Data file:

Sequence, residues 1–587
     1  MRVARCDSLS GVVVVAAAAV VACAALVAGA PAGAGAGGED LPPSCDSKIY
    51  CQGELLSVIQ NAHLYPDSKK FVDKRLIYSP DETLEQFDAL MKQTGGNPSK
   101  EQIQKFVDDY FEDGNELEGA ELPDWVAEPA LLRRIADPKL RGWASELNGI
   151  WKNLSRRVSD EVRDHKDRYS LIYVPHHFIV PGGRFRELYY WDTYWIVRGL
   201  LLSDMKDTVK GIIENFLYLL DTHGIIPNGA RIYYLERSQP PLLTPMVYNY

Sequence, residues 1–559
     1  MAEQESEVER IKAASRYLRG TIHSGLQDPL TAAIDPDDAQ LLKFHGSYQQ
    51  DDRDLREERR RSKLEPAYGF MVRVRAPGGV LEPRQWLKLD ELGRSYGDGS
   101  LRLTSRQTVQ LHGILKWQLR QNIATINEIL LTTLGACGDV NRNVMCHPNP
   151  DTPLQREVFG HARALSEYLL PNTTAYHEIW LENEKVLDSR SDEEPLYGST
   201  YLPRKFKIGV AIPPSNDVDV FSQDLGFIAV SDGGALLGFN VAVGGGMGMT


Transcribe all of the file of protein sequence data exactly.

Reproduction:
Sequence, residues 1–587
     1  MRVARCDSLS GVVVVAAAAV VACAALVAGA PAGAGAGGED LPPSCDSKIY
    51  CQGELLSVIQ NAHLYPDSKK FVDKRLIYSP DETLEQFDAL MKQTGGNPSK
   101  EQIQKFVDDY FEDGNELEGA ELPDWVAEPA LLRRIADPKL RGWASELNGI
   151  WKNLSRRVSD EVRDHKDRYS LIYVPHHFIV PGGRFRELYY WDTYWIVRGL
   201  LLSDMKDTVK GIIENFLYLL DTHGIIPNGA RIYYLERSQP PLLTPMVYNY

Sequence, residues 1–559
     1  MAEQESEVER IKAASRYLRG TIHSGLQDPL TAAIDPDDAQ LLKFHGSYQQ
    51  DDRDLREERR RSKLEPAYGF MVRVRAPGGV LEPRQWLKLD ELGRSYGDGS
   101  LRLTSRQTVQ LHGILKWQLR QNIATINEIL LTTLGACGDV NRNVMCHPNP
   151  DTPLQREVFG HARALSEYLL PNTTAYHEIW LENEKVLDSR SDEEPLYGST
   201  YLPRKFKIGV AIPPSNDVDV FSQDLGFIAV SDGGALLGFN VAVGGGMGMT